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No. 58: Jul-Aug 1988

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From Forteanism To Science

The famous Moodus Noises have long been a Fortean staple -- at least since 1923 when good old Charley mentioned them in his New Lands. Recently, perhaps mostly because there is a nuclear power plant right across the Connecticut River, there has been a concerted scientific effort to find out just what is going on in south-central Connecticut.

A brief glimpse of the phenomenon was provided by W. Sullivan in the New York Times:

"From last Sept. 17 to Oct. 22, more than 175 small earthquakes occurred near the town of Moodus, Conn. Many were accompanied by sounds like gunshots; the strongest vibrated a van. The phenomenon was another swarm of Moodus quakes that have puzzled generations of earth scientists. The earliest was recorded in 1568 and Indians knew of them long before then: Moodus is an Indian word meaning 'place of noises.'"

Sullivan's article was derived from a spate of scientific papers delivered at the Spring meeting of the American Geophysical Union. (Sullivan, Walter; "A Connecticut Mystery Still Defying Scientists," New York Times, May 22, 1988. Cr. P. Huyghe, D. Stacy, R.M. Westrum)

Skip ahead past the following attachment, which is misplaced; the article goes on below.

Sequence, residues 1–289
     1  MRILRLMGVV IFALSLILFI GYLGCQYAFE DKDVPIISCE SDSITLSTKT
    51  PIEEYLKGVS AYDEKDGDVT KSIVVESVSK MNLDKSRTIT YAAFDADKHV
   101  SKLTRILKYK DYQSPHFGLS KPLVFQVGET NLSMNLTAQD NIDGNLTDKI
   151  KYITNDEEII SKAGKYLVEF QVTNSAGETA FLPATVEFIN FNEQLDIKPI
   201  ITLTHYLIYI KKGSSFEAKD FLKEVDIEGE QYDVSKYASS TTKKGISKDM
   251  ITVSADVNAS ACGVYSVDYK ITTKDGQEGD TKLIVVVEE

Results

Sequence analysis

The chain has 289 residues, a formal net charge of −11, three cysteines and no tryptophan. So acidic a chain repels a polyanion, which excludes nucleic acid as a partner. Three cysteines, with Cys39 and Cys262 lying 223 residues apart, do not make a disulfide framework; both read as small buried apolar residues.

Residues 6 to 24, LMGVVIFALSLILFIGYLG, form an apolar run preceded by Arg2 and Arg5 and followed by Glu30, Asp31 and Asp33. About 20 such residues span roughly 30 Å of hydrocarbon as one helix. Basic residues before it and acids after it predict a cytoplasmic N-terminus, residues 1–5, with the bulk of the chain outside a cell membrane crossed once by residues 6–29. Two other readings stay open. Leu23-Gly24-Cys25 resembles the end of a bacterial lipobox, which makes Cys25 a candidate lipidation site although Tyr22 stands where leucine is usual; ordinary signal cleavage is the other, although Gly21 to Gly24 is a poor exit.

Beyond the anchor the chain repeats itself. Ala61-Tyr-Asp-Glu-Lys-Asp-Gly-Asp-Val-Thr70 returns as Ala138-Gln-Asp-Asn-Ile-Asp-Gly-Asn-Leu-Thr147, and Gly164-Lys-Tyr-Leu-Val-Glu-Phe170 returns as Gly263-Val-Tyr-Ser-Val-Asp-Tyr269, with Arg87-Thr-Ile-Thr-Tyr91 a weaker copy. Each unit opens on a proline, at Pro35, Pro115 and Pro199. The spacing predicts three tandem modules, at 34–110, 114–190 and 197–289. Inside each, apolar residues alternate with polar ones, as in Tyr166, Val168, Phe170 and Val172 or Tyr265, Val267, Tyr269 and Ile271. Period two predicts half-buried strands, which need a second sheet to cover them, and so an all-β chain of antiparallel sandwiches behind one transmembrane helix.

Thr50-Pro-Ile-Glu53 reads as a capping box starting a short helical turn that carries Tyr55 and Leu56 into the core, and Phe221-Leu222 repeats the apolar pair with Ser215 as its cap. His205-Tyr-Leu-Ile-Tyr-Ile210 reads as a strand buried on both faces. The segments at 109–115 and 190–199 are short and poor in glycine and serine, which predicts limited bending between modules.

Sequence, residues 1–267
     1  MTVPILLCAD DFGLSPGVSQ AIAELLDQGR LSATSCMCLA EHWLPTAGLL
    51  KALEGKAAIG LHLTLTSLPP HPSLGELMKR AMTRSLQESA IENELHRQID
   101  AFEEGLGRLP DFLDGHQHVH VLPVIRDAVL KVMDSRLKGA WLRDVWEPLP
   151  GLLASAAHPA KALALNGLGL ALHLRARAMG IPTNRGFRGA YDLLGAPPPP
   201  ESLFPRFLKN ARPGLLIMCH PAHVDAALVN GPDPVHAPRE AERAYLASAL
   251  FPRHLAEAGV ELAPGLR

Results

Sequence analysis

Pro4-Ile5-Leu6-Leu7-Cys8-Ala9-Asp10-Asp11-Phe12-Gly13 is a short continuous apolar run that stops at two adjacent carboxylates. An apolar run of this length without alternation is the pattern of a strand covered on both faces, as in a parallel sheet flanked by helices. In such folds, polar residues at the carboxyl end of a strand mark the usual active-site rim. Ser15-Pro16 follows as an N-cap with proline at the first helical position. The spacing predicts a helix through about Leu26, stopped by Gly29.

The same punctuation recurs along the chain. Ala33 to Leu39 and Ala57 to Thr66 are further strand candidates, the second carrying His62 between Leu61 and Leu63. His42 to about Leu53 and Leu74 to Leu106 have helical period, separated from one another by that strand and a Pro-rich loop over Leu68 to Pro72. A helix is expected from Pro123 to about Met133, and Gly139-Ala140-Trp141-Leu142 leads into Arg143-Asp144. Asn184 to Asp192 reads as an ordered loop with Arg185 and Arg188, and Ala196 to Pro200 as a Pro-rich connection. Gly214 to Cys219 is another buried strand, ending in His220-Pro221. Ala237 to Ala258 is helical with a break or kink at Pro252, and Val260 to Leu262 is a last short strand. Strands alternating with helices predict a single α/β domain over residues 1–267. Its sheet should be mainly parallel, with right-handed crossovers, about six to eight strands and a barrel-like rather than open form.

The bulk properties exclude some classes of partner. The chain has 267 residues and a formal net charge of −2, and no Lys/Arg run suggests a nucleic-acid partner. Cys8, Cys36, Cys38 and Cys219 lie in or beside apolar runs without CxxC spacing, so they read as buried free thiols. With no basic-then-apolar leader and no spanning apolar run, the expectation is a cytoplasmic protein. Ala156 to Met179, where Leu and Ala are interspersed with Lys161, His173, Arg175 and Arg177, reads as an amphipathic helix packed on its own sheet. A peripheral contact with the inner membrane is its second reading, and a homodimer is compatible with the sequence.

Abstracts of all the scientific papers presented at the meeting of the American Geophysical Union appeared in Eos. Here are excerpts from one of them:

"Since the installation of a six-station microearthquake network in the Moodus, Connecticut, area in 1979, four extensive microearthquake swarms of several months duration each, all accompanied by main shocks of Mc greater than 2, have been recorded. All of the swarms have occurred at shallow depths (less than 2.3 km) and have been concentrated primarily in one small source volume... The 1986 swarm was characterized by a number of small bursts of activity culminated by the largest event near the end of the swarm. The 1987 swarm behaved in a very similar temporal manner to that of the 1986 swarm with one strong difference in that the largest event was the first one in 1987...the shallow depths of all the earthquakes there, the small lateral dimensions of the active source volume and the lack of a fault to which the earthquakes can be ascribed make it difficult to argue that this swarm activity indicates the possibility of a large earthquake at the locality."

(Ebel, John E.; "Comparisons of the 1981, 1982, 1986 and 1987 Swarms at Moodus, Connecticut," Eos, 69:495, 1988.)

From Science Frontiers #58, JUL-AUG 1988. 1988-2000 William R. Corliss